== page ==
16 Cities That Are Leading the Way in the Climate Change Fight

Long before Congress started to take the threat of climate change
seriously, American mayors were already recognizing the need to
decrease fossil-fuel consumption, promote efficiency, and generally
create more livable places.

rkv30qh.jpgScott Smith of Mesa, AZ, the 1000th U.S. mayor to endorse emissions-reduction targets. (Photo: East Valley Trib)

Scott Smith, the mayor of Mesa, Arizona, recently became the 1,000th city chief to sign on to the U.S. Conference of Mayors’ Climate Protection Agreement [PDF],
first ratified in 2005 as a way for localities to commit to meet the
Kyoto emissions reduction targets that the Bush administration declined to endorse.

Smith’s move prompted a report in this weekend’s New York Times, which hailed city-level sustainability efforts such as those showcased on Capitol Hill back in July. While the nation has long been more urban than rural — in fact, an estimated two-thirds of Americans now live in
the nation’s 100 biggest cities — the Times cast some doubt on prior
portrayals of cities as proportionally significant energy consumers:

“Cities occupy two percent of the world’s land mass yet
contribute more than two-thirds of global greenhouse gas emissions,”
begins the Clinton Initiative’s online explication of its C-40 program,
which unites large cities across the globe in a commitment to reducing
greenhouse gases. …

But other researchers — including David Satterthwaite, a senior fellow
at the International Institute for Environment and Development in
London — have challenged those numbers, claiming that they are at best
exaggerated and in reality unknowable.

Writing in the March
2009 issue of the United Nations Human Settlements Program’s flagship
magazine, Urban World, Mr. Satterthwaite and his colleague David
Dodman, drawing on the most recent figures of the Intergovernmental
Panel on Climate Change, estimate that cities contribute somewhere
between 30 and 41 percent of global greenhouse gas emissions.

What was mentioned but not discussed by the Times is the Conference of Mayors’ report [PDF]
on 16 cities that have adopted innovative strategies to cut pollution.
The entire report is worth a read (though New Yorkers, San Franciscans
and Portland-ites may be disappointed to find their hometowns not
listed), not least because most mayors single out land use and
transportation planning as central elements of their policy-making on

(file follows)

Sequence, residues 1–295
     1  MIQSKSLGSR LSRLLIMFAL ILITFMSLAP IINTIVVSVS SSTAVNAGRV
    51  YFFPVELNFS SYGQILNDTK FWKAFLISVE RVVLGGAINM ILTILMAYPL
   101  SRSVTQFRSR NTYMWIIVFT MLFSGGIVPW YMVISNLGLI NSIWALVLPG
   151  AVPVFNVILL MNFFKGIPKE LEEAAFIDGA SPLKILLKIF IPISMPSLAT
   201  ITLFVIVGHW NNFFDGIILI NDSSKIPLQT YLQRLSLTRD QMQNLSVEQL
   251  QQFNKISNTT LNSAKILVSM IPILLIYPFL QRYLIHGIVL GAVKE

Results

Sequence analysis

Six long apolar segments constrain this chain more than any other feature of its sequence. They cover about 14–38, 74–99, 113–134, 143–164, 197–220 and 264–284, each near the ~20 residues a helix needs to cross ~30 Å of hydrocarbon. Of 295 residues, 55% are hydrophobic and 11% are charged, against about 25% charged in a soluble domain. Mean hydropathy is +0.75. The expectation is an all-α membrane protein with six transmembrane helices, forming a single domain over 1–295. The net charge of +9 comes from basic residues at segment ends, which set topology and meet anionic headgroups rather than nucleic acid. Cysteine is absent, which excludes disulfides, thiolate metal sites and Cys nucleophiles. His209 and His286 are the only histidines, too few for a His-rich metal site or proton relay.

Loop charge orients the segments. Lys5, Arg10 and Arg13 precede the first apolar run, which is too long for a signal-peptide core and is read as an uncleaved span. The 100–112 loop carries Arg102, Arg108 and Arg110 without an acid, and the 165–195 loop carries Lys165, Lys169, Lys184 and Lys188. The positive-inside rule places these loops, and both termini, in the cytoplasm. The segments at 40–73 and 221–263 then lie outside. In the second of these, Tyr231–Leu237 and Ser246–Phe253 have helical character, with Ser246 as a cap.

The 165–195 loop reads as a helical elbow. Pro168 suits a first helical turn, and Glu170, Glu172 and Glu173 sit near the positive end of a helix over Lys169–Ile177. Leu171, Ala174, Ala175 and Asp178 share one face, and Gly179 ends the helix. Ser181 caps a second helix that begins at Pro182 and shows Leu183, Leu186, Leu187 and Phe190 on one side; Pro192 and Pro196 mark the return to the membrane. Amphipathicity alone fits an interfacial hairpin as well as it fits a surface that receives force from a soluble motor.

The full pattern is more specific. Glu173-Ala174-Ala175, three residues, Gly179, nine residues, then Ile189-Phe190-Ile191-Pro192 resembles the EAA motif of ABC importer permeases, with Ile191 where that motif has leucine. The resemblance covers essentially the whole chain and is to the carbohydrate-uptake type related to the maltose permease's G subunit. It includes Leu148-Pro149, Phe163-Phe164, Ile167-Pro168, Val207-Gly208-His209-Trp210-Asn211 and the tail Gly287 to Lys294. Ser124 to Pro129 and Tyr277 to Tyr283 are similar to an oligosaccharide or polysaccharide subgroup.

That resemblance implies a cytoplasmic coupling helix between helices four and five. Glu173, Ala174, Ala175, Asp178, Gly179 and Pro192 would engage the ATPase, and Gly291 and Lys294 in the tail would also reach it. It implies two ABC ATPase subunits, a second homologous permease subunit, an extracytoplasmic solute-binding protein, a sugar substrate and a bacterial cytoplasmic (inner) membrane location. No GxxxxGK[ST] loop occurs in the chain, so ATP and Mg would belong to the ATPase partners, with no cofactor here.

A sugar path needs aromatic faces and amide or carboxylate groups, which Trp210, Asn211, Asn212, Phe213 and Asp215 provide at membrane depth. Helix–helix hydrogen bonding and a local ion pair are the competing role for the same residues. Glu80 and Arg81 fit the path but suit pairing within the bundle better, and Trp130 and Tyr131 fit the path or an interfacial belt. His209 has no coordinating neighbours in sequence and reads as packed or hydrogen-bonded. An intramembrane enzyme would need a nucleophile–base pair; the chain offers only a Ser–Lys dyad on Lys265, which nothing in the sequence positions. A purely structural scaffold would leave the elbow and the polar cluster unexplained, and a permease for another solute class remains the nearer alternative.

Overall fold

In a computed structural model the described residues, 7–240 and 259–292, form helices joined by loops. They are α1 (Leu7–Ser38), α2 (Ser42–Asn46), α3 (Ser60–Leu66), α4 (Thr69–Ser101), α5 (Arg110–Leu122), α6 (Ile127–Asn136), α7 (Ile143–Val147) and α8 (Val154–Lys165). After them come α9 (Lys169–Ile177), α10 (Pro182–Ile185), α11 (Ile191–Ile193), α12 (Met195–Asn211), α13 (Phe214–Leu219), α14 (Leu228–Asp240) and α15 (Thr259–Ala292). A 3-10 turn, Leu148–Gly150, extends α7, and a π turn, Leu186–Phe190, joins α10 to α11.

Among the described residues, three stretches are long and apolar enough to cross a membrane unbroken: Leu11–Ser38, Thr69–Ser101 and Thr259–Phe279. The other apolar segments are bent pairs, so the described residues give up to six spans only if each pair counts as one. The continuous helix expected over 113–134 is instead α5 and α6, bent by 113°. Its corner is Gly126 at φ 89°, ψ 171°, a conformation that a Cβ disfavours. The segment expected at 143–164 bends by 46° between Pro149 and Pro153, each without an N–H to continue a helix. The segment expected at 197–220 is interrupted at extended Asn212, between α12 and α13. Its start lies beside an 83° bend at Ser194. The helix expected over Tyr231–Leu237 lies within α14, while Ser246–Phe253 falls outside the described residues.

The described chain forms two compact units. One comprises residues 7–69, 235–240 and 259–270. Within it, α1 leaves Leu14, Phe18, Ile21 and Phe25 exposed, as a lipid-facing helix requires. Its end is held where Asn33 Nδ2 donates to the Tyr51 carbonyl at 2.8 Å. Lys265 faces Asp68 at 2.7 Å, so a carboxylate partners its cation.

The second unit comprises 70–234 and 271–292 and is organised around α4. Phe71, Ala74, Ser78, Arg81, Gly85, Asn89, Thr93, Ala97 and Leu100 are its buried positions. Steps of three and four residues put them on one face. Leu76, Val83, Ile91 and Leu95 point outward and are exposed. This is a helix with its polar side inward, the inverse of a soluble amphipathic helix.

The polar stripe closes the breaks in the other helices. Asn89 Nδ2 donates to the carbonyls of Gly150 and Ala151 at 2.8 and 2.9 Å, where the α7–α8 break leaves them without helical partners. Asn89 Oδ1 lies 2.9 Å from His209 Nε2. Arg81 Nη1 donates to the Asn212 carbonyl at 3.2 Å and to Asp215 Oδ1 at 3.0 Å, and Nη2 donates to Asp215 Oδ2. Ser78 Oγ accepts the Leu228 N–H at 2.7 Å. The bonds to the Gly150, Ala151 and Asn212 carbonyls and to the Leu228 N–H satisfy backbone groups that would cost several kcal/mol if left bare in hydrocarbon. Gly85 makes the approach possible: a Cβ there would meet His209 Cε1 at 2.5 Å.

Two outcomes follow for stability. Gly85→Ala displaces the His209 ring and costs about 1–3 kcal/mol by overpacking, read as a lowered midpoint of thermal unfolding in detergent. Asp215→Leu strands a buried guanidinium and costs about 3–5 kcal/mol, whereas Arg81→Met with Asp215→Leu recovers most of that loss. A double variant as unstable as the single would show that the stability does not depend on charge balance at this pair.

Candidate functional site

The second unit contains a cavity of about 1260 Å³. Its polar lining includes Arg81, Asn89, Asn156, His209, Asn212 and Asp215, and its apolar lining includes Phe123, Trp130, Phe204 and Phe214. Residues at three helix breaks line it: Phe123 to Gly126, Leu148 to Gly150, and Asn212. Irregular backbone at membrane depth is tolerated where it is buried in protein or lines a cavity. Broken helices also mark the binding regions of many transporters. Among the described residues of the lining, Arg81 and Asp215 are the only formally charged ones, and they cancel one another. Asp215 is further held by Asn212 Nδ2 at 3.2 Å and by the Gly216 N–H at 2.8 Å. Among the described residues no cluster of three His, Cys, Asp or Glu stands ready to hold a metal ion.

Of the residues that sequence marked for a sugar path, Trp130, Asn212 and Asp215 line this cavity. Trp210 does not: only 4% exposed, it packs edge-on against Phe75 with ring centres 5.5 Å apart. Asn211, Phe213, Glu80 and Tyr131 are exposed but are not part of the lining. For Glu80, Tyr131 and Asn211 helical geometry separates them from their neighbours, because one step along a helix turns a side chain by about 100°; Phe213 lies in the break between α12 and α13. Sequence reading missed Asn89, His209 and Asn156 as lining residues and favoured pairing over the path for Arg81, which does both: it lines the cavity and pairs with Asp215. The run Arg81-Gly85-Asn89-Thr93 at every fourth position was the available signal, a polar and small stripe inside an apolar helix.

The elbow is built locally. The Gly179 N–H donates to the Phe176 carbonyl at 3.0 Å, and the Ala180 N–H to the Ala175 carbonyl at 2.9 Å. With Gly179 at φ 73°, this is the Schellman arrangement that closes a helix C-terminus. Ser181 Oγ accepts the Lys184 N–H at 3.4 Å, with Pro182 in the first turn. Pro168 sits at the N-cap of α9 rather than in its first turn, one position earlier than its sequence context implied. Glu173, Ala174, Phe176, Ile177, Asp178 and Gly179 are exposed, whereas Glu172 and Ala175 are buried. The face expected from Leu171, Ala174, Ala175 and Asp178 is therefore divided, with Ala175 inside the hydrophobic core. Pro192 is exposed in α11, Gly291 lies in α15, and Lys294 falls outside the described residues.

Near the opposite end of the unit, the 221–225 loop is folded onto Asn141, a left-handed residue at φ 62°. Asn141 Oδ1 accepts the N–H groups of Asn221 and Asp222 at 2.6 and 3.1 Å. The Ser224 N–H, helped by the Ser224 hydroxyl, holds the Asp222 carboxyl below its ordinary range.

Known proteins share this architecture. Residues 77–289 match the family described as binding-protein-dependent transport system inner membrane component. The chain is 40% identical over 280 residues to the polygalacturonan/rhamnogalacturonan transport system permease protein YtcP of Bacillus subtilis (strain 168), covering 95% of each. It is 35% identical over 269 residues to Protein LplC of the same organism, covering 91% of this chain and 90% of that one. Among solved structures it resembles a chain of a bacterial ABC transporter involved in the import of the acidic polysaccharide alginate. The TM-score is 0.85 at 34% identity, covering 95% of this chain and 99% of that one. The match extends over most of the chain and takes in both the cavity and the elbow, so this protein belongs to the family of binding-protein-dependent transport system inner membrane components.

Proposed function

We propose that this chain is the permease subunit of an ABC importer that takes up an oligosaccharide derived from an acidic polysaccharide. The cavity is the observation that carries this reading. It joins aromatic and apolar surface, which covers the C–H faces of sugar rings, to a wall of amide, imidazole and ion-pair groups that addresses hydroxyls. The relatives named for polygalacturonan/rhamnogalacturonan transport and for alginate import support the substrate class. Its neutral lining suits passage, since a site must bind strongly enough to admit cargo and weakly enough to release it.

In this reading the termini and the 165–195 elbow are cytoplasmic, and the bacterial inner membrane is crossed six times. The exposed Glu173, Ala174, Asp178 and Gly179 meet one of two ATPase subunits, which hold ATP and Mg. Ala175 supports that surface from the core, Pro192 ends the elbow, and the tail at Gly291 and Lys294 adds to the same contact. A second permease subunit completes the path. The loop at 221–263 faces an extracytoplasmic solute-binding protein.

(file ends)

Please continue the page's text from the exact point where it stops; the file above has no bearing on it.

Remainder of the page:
environment and energy.


Philly Mayor Tells Senate: Climate Bill Can Help Make Cities Greener

As the Senate opened its second round of climate change hearings today, Philadelphia mayor Michael Nutter delivered the urban case for climate legislation, outlining an array of infrastructure improvements and green reforms that would be made possible by federal action to reduce carbon emissions. A sample image of Philadelphia’s proposed "green corridors." (Image: Lomo Civic […]

California Legislative Update: Parking Requirements, Cap-and-Trade Funds

This week we’re tracking some of the bills that got left out of last week’s too-long legislative update. These bills relate to transportation funding, climate change, and urban planning. PLANNING Eliminating Parking Minimums: A.B. 744 from Ed Chau (D-Monterey Park) would require a city or county to eliminate minimum parking requirements under certain circumstances, upon […]

Senate Poised to Move on Climate Bill

Barbara Boxer (D-CA), chair of the Senate Environment and Public Works Committee, isn’t yet ready to start debating a long-term transportation bill — but she is reportedly prepared to move on climate change legislation that includes targets for diminishing auto dependence and encouraging transit use. Boxer’s panel will begin debate on its climate bill during […]

Will U.S. DOT Get Serious About Climate Change? Here’s Cause for Optimism.

Last fall, national environmental advocates sat down with officials from U.S. DOT to talk about how federal transportation policy can address climate change. There is wild variation between state transportation departments when it comes to green transportation policy. Some of the more sophisticated agencies, like California’s and Oregon’s, are starting to factor greenhouse gas emissions into their transportation plans. Most […]